Become a fan of Slashdot on Facebook


Forgot your password?
Programming Windows Hardware

Ask Slashdot: Configuring Development Environment On a Shared Workstation? 158

First time accepted submitter xyourfacekillerx writes "After a long hiatus of developing (ASP.NET), I decided to pick it up again. I need to learn .NET and SQL for my new job (GIS tech using ESRI software). Down the road they need a PHP website, tons of automation tasks, some serious data consolidation, they want mobile apps in theory. This is not my job description, but I'm sure I can do it. Long story short, I need to setup a development environment on my home desktop, so I can do all this in my spare time. Trouble is, I share the machine (Win 8.1, 2.7 dual core pentium something or other, with virtualization support.) I want to avoid affecting the other users profiles. I currently use my profile for music production (Reason) and photography (Photoshop, et al) so it's already resource intensive with RAM, CPU and VMM. I'll be needing to install all of your basic Microsoft developer suites, IIS, SQl Server, ANdroid SDK, Java SDK, device emulators, etc. etc. Plus AMP and finally GIS software. There will obviously be a lot of services running, long build times, and so on. To wit, I wouldn't be able to use my desktop for my other purposes like the music editing. So I need some advice. Would it help to set up all these tools under a different account on the same Win 8.1 install? Or should I virtualize my development environment (and how?), and run the virtual machine side by side? Or should I add a HDD or secondary partition and boot to that when I intend to develop? I am poor ATM, but is there a cheap very mini PC I can place next to my desktop and run all my development software off that, remote desktop into it? I've done a lot of googling the last week and haven't turned up anything, so I turn to Slashdot. Please help me get organized so I can start coding again."
This discussion has been archived. No new comments can be posted.

Ask Slashdot: Configuring Development Environment On a Shared Workstation?

Comments Filter:
  • Yawn (Score:4, Insightful)

    by Anonymous Coward on Sunday January 19, 2014 @07:16PM (#46008375)

    Why are these questions landing on ./?

    I am sure there is forums more adequate for this kind of line noise.

    Let's turn the tide before Slashdot turns into News For Idiots.

  • VirtualBox (Score:5, Insightful)

    by Anonymous Coward on Sunday January 19, 2014 @07:17PM (#46008377)

    Step 1: Install VirtualBox (

    Step 2: Install the dev. OS of your choice inside your new virtual box.

    Step 3: Install all the dev. tools you need into the OS inside the new virtual box.

    Voilla, you've now hidden most of your dev. changes from anyone else using the PC. They just see a VirtualBox install.

  • by dreamchaser ( 49529 ) on Sunday January 19, 2014 @07:19PM (#46008387) Homepage Journal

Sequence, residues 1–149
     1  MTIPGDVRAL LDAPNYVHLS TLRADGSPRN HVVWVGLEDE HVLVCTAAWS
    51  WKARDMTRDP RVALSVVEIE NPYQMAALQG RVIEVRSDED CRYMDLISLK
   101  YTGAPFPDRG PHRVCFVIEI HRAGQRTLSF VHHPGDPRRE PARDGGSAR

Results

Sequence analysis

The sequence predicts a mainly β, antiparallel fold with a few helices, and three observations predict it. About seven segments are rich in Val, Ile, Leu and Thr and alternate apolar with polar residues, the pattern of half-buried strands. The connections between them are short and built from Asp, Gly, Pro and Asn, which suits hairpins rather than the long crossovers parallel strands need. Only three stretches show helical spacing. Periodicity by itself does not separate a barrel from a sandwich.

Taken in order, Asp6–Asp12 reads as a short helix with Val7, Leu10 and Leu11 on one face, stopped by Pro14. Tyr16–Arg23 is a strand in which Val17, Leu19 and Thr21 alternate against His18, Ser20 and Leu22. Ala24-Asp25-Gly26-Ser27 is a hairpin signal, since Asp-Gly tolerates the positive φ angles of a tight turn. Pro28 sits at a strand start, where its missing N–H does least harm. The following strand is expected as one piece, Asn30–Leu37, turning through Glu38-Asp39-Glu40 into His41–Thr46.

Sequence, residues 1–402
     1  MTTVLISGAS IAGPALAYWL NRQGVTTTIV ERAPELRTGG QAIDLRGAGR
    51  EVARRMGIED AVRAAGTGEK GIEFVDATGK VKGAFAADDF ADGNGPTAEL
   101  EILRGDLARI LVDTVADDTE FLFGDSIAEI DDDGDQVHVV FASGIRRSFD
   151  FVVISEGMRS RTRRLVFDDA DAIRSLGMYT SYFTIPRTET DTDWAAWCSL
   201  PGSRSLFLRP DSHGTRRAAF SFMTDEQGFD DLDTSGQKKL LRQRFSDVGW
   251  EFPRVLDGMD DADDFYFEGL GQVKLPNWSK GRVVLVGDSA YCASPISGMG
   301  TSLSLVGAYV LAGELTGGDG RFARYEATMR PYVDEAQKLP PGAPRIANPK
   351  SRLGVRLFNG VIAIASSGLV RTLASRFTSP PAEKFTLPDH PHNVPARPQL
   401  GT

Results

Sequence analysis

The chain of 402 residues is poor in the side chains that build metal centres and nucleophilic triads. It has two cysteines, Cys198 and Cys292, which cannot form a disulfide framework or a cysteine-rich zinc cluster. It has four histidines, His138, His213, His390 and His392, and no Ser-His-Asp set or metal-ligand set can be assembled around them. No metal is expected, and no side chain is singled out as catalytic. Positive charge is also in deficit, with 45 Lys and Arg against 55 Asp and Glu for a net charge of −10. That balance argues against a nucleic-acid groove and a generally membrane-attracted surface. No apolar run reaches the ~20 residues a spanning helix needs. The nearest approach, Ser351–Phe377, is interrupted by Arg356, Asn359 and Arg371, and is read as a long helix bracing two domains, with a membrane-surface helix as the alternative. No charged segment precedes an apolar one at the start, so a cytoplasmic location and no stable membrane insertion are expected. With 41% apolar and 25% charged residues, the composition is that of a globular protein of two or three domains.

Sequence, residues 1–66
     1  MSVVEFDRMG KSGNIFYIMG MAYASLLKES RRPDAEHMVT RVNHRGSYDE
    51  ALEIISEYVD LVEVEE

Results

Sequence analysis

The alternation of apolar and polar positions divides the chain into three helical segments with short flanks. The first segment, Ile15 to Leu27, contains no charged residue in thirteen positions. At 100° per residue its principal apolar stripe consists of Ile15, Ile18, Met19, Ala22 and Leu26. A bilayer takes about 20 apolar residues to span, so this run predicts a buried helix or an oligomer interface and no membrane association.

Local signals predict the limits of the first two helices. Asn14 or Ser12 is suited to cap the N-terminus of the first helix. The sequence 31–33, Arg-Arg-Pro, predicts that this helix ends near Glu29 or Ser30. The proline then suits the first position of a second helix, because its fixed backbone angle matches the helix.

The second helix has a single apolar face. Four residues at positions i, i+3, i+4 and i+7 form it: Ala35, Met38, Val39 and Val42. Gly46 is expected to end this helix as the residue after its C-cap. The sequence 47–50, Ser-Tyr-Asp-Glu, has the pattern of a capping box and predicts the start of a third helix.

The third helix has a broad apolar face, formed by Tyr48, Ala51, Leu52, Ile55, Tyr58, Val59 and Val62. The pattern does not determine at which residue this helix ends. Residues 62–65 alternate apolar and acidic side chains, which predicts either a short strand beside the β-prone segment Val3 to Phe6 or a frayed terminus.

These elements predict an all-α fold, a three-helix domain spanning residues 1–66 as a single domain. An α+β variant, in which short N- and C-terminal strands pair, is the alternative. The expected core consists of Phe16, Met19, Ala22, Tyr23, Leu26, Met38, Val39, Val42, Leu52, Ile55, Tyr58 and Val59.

You didn't post your exact specs, but if you're worried about services and are resource constrained, just set them to start manually. When you want to code, start the ones you need (webserver, SQL, etc.). It's a little more work but it's not that bad. You could even script it so that all you'd need to do is run one command script to start or stop the needed services.

  • by gabereiser ( 1662967 ) on Sunday January 19, 2014 @07:39PM (#46008509)
    This, I'm surprised people are even giving suggestions for him to do work that's "not part of his job description" in his spare time. Don't. Just don't do it. You either get paid to do the work level that your qualified to do or you don't. Don't take on responsibilities that aren't yours. This is a cardinal rule as will only end up in you working yourself to death doing everyone else's job (even if they don't even work there at all). Limit yourself to your job description and leave it at that. If that need a mobile developer, inform them that you would do it gladly but that it would be additional job duties and you should be compensated for it in turn.
  • Cheaping out. (Score:4, Insightful)

    by westlake ( 615356 ) on Sunday January 19, 2014 @08:07PM (#46008659)
    Do yourself a favor and buy a PC that is all your own.

    Work product on a shared home PC? Multiple users? The most brain-dead idea ever posted to Slashdot.

  • Re:VirtualBox (Score:4, Insightful)

    by mlts ( 1038732 ) on Sunday January 19, 2014 @10:17PM (#46009569)

    Virtual machines are great for other uses. Malware or corruption? Roll back to a snapshot. Want to see how one's system is at the exact time a 1.0 release gets pushed out? Snapshot time. Fearing that a bad coding error takes the VM out? Snapshot before the run.

    Of course, VMs won't help much if doing hardware development, but with just one PC used by multiple people, VMs are pretty much the only way to go.

    As for VM software, that can be a toss-up. VirtualBox is licensed at no charge, VMWare costs a couple C-notes, and Hyper-V may be present on the box. Hyper-V is nice since it is a type 1 hypervisor (so a second VM runs on the same level as the main machine), but VMWare Workstation has a lot of nice tools (encryption for the disk files, auto-protect for snapshot backups, etc.)

Nothing is finished until the paperwork is done.